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American Indian Youth Involvement in Urban Street Gangs: Invisible No More?

Abstract:
Urban street gang characteristics and crimes are present on American Indian reservations. The research on American Indian gangs has focused on the reservations with minimal attention paid to their interaction with American Indian gang members in the urban setting. Examining this interaction is of particular importance since Census 2000 figures indicate that 64 percent of American Indian/Alaskan Natives reside in the urban areas. If we are to continue building the knowledge base about American Indian gangs, then any exploration of Native gangs must include American Indians in the urban setting. This is the first study to focus on urban Indian gangs.

The purpose of this study was to explore the extent and nature of American Indian involvement in contemporary street gangs with a secondary goal of assessing the influence of a gang impacted metropolitan area on Native gangs on the reservations. For this study, forty-two metropolitan areas in the U.S. were chosen as well as reservations with a tribal police department and sheriff's departments whose jurisdiction was inclusive of, or adjacent to, the metropolitan and/or tribal areas. A survey instrument methodology was employed.

The literature on American Indian gang members alleged that urban Indian gang members only joined other established ethnic gangs. This study found that urban Indian youth have formed their own gangs with criminal participation running the gamut as other gangs. However, the levels of participation and severity are lower than other street gangs. Results also found no correlation between distance or exposure to an urban center and the presence of gangs on the reservations. It appears that it is an adoption of a 'gang mentality' that is occurring as opposed to a physical exposure to other gang members.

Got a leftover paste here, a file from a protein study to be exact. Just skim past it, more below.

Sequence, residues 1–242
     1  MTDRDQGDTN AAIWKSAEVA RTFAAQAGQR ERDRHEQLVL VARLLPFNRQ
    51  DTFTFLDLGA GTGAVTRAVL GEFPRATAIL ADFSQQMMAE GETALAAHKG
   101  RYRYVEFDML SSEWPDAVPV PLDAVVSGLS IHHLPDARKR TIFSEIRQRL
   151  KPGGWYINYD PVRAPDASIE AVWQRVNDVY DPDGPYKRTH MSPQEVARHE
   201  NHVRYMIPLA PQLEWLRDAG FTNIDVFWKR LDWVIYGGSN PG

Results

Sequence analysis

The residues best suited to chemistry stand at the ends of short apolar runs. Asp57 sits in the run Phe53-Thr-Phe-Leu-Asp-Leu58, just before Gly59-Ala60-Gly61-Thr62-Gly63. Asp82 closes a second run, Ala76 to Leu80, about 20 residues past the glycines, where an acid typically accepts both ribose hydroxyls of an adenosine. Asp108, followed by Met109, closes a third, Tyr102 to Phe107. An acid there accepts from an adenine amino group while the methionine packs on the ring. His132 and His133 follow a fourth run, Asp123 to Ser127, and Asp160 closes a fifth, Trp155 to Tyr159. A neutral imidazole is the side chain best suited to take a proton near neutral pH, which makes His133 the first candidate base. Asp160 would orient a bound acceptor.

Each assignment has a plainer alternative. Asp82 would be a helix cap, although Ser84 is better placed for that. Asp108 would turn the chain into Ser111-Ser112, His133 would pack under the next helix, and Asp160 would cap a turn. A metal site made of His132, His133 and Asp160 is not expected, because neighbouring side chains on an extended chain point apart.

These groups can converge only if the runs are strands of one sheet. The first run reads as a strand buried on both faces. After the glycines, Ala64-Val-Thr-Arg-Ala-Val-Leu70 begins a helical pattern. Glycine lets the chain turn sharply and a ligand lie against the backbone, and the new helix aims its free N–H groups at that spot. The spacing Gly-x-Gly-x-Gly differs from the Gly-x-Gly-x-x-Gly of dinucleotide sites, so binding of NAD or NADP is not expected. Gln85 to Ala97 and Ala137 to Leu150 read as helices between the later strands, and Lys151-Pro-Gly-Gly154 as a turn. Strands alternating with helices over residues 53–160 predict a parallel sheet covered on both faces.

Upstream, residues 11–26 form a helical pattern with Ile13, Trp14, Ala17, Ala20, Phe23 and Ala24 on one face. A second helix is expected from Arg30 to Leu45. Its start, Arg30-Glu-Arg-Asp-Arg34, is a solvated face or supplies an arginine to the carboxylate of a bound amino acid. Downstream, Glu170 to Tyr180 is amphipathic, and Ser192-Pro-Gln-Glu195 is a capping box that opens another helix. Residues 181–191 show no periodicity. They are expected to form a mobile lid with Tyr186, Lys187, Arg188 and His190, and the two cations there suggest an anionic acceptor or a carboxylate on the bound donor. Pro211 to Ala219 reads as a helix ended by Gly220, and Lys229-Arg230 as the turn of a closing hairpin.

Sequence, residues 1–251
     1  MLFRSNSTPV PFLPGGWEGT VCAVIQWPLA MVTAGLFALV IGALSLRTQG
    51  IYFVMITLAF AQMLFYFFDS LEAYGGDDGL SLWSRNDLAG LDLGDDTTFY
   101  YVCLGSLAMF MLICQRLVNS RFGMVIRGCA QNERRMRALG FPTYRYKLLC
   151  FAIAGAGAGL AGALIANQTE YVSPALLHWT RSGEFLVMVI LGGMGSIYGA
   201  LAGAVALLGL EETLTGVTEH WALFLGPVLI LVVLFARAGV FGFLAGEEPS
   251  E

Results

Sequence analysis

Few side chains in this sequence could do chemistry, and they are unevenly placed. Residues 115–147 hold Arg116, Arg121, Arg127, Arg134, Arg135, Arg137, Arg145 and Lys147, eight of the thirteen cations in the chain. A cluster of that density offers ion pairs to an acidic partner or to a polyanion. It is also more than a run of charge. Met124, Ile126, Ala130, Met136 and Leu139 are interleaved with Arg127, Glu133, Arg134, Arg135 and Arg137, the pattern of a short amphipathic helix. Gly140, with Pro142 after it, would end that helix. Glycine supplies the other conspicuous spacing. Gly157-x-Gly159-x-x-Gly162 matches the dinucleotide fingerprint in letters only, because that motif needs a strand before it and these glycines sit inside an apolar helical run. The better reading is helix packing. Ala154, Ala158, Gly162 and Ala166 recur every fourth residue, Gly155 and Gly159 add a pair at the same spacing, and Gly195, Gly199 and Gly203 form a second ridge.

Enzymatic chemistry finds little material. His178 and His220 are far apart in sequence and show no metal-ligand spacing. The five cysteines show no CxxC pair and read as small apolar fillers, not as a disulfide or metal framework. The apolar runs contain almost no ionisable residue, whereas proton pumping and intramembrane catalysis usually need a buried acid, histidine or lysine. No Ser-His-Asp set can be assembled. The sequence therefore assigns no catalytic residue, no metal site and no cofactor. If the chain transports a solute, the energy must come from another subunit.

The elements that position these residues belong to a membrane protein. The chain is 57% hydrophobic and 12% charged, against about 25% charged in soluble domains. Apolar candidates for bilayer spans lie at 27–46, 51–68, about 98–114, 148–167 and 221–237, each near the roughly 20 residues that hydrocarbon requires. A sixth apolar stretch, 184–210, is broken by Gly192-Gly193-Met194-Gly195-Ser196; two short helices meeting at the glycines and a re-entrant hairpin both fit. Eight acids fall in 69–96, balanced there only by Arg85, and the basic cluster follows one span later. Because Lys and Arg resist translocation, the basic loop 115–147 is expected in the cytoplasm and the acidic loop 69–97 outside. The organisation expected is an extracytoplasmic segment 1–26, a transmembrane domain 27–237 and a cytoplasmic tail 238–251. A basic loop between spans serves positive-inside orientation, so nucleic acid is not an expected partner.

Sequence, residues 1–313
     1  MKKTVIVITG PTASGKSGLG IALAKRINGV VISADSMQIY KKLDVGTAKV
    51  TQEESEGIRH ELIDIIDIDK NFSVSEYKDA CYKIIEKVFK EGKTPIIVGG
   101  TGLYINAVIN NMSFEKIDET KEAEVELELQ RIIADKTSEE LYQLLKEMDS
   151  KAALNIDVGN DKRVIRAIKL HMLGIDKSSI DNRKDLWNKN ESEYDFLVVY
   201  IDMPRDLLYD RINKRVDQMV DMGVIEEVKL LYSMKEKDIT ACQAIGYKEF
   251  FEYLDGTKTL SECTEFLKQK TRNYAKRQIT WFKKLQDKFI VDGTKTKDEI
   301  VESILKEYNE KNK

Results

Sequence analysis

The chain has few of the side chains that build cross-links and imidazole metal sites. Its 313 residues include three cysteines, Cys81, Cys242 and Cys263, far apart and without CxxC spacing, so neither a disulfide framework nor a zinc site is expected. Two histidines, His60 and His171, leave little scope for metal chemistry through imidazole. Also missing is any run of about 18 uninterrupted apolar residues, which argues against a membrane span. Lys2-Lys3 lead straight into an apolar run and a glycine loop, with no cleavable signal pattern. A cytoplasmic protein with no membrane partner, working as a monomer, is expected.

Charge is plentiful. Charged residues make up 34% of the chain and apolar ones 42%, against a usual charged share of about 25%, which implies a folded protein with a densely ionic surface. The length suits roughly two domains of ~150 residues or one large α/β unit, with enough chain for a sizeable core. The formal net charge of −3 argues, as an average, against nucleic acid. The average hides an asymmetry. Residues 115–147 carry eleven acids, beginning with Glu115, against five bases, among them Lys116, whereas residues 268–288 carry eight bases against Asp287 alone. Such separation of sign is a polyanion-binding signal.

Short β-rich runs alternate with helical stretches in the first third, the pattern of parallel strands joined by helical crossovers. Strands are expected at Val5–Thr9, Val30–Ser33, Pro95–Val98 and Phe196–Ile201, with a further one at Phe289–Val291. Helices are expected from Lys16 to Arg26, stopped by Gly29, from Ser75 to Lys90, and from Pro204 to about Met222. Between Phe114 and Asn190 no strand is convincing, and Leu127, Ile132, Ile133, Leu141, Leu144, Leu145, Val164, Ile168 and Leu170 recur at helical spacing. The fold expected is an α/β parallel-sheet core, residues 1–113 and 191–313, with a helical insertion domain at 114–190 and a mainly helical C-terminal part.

Fortunately, the levels of American Indian gang involvement are still lower than established street gangs, particularly in the area of gang violence. This fact makes this a timely opportunity for strengthening prevention and intervention efforts towards lessening the lure of the 'gang life' for American Indian youth, both in the urban and reservation settings, before they too become entrenched in the destructive gang lifestyle.

Author: 

Julie Hailer

Chair: 

Nancy Parezo

Publication: 

dissertation

Year: 

2008

Arizona State Museum: 

P9791 H13a 2008

Proquest: 

ATT 3303993

UA Library: 

E9791 2008
College of Social and Behavioral Sciences